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Beyond the Logos: West End Musical Drama

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Part of the Palgrave Studies in Theatre and Performance History book series (PSTPH)

Abstract

One way of looking at the musical in the 1980s and 90s is that there was a sense of energy in the London shows that can be likened to Broadways Golden Age. Richard Maltby Jr. points out that

great American musicals come in bursts. In the late 1940s when I was growing up, there were all these articles in the New York Times about the integrated musicals with Frank Loesser writing “you see, the songs will tell the story.” And it seemed there was something like that going on in England—that mere was a discovery of a different kind of scale of singing and a different kind of show, the impact on an audience.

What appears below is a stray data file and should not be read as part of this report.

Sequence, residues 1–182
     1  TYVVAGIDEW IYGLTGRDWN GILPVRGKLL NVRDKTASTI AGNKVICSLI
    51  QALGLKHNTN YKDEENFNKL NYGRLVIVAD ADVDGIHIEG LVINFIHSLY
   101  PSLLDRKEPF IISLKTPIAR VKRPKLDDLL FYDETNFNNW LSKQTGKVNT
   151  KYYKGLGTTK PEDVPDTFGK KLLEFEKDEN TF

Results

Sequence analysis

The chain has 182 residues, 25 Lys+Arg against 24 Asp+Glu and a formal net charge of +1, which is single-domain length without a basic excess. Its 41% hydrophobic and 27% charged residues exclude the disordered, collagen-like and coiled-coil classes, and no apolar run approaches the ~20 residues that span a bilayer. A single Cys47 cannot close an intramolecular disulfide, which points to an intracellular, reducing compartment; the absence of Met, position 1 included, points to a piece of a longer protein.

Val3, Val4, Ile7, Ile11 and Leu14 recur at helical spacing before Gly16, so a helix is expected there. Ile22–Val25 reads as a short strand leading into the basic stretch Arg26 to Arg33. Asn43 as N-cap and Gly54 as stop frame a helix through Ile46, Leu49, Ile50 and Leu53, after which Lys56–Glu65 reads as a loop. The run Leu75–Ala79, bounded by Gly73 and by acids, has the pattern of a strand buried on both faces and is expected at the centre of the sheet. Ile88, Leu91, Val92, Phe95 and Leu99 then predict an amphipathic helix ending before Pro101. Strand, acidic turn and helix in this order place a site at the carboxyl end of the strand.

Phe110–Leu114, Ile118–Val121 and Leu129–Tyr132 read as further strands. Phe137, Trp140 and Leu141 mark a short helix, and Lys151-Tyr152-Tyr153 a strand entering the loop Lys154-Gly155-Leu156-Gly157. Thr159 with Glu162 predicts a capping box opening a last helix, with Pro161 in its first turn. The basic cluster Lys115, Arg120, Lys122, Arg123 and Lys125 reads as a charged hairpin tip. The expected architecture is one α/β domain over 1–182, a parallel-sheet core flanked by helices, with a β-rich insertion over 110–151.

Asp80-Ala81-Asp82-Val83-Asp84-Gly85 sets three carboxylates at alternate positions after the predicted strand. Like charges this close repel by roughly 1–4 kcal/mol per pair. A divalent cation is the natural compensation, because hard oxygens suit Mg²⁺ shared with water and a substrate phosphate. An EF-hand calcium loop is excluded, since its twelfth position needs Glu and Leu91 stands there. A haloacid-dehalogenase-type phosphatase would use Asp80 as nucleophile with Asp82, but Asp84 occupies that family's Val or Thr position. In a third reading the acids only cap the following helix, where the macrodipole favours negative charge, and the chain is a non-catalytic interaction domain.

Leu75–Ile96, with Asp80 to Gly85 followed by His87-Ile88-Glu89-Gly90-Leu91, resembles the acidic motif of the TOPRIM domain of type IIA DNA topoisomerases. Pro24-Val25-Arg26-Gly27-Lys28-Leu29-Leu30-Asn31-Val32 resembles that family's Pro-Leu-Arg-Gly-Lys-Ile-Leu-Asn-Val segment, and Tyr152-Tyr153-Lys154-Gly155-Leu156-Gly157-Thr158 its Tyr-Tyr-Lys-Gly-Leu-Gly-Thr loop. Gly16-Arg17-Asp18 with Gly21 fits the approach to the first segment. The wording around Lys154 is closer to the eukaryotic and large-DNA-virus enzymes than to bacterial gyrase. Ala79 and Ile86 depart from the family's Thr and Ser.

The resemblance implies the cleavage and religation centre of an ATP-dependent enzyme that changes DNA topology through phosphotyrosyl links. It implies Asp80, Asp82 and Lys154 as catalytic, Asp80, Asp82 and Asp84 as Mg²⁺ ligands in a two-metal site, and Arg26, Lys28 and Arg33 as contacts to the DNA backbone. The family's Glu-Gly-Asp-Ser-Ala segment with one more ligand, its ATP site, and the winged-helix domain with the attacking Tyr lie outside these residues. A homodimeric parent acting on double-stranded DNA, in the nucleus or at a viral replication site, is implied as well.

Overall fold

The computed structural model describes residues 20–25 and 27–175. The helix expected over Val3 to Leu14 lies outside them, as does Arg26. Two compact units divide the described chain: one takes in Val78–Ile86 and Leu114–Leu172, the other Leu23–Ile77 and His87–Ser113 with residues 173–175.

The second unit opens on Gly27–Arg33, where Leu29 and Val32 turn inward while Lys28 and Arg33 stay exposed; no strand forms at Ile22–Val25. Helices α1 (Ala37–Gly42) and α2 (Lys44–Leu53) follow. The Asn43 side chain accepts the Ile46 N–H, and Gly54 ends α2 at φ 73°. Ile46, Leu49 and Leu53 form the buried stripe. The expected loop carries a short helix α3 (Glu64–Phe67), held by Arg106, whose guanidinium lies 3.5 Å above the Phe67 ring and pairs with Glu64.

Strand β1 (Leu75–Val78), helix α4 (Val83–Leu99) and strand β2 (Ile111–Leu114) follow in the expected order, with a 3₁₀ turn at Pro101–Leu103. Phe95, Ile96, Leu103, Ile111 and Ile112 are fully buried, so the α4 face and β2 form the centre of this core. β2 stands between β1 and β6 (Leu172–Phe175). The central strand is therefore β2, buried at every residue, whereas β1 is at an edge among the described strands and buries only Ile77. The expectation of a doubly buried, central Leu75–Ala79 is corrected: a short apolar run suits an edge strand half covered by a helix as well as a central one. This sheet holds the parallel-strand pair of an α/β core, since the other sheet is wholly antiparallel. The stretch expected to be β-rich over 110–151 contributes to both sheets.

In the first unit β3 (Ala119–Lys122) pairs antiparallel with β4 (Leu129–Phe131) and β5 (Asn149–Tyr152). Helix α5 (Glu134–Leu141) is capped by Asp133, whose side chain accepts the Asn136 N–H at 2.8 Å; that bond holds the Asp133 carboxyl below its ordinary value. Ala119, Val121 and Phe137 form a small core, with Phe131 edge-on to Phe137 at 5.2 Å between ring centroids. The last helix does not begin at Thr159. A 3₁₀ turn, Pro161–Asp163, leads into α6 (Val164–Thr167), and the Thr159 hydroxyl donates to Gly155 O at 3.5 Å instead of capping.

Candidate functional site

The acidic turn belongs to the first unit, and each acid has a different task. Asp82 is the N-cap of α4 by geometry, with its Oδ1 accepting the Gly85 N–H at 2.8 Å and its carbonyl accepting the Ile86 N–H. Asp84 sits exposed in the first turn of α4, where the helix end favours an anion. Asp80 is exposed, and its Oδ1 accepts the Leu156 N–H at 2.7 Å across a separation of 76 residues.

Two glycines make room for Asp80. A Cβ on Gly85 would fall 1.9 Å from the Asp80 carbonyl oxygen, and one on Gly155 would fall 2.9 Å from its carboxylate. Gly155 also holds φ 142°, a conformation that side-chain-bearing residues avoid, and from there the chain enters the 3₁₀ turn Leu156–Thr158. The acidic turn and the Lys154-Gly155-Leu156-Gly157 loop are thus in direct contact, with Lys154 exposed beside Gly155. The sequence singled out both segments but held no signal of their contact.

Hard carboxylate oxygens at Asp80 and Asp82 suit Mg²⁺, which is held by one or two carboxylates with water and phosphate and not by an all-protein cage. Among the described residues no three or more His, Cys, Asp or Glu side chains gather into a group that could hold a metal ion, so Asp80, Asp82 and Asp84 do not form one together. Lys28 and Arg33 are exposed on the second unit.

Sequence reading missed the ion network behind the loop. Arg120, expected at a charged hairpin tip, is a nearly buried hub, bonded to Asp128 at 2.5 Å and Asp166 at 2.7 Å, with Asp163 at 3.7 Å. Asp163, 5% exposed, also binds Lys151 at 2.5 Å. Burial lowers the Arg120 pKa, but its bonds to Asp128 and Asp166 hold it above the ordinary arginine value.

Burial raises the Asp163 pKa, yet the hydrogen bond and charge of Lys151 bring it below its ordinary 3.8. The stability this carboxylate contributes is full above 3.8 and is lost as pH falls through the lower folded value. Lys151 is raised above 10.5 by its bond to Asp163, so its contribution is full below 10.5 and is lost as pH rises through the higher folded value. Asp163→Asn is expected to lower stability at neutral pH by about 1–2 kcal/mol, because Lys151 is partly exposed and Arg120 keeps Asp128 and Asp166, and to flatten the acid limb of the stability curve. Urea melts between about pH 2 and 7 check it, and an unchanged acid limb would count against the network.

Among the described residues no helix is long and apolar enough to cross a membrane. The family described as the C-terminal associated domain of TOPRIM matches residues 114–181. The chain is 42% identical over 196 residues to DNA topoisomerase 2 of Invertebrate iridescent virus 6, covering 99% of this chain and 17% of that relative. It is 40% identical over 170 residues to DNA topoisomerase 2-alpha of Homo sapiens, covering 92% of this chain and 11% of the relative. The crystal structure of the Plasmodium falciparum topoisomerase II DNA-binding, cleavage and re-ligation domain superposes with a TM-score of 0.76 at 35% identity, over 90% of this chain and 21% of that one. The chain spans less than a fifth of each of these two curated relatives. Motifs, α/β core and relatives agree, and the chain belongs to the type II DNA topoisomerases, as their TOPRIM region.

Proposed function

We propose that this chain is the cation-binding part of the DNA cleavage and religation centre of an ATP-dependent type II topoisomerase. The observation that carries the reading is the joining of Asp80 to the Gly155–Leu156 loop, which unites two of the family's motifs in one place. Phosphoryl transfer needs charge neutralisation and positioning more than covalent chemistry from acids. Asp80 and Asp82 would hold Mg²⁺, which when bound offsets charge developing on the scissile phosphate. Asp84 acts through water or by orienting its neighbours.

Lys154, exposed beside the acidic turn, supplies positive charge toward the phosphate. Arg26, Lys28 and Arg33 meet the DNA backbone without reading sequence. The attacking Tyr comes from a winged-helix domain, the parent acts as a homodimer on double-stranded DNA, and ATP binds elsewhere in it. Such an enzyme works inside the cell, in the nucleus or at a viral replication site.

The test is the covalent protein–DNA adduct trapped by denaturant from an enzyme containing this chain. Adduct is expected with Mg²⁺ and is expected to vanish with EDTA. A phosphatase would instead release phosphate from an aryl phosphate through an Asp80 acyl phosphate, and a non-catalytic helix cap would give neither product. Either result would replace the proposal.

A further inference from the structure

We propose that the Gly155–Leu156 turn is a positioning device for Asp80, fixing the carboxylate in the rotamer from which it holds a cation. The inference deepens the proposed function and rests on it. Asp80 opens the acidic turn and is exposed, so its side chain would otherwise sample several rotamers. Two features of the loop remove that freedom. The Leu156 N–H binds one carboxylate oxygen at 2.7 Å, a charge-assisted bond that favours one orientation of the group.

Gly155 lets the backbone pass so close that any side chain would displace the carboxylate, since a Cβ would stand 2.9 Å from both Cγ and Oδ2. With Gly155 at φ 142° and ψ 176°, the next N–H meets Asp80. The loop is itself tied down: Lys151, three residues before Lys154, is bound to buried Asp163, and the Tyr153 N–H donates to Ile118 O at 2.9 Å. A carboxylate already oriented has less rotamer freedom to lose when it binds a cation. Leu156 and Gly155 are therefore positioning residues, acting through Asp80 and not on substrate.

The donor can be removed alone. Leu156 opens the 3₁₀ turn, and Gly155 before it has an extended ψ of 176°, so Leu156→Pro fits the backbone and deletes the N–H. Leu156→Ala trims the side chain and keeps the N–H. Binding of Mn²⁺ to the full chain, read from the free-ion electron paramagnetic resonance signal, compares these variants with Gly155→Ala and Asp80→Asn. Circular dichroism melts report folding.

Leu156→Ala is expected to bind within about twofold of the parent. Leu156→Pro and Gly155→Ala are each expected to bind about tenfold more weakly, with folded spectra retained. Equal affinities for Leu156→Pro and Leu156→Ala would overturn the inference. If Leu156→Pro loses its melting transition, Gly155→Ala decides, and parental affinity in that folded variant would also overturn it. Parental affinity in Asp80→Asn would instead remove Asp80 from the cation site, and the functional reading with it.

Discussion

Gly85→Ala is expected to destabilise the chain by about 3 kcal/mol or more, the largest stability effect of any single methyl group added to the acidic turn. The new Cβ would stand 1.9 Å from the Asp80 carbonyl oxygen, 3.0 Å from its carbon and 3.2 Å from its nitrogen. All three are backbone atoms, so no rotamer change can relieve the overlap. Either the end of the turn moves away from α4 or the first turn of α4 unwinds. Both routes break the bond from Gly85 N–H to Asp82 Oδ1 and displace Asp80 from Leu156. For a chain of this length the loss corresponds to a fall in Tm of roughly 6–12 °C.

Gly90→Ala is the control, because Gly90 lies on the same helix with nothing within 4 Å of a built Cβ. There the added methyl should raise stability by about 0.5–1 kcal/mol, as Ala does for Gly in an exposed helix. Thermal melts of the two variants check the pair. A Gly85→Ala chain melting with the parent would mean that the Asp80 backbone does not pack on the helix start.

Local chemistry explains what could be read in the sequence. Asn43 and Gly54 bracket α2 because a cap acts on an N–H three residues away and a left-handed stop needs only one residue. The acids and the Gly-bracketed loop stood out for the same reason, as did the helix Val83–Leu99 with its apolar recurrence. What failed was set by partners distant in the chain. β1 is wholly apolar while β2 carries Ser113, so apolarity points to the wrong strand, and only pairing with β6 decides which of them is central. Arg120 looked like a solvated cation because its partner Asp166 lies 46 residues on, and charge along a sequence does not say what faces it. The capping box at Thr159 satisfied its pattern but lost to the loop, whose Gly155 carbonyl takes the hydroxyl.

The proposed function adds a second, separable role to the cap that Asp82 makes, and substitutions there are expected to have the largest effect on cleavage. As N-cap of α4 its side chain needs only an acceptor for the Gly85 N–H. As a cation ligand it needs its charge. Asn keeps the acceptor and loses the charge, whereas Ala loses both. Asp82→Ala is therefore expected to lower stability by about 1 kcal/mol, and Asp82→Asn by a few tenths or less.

Keywords

Social Drama Musical Theatre Musical Drama Love Story American Musical 
These keywords were added by machine and not by the authors. This process is experimental and the keywords may be updated as the learning algorithm improves.

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Notes

  1. 2.
    Michael Billington, Les Miserables, October 10, 1985.Google Scholar
  2. 3.
    Trevor Nunn, “A Popular Front Steals the Show,” The Guardian, October 4, 1986.Google Scholar
  3. 5.
    Frank Rich, “‘Misérables,’ Musical Version Opens on Broadway,” New York Times, March 13, 1987.Google Scholar
  4. 11.
    Robert Cushman, “The Naked and the Bed,” The Observer, October 3, 1976.Google Scholar

Copyright information

© Miranda Lundskaer-Nielsen 2008

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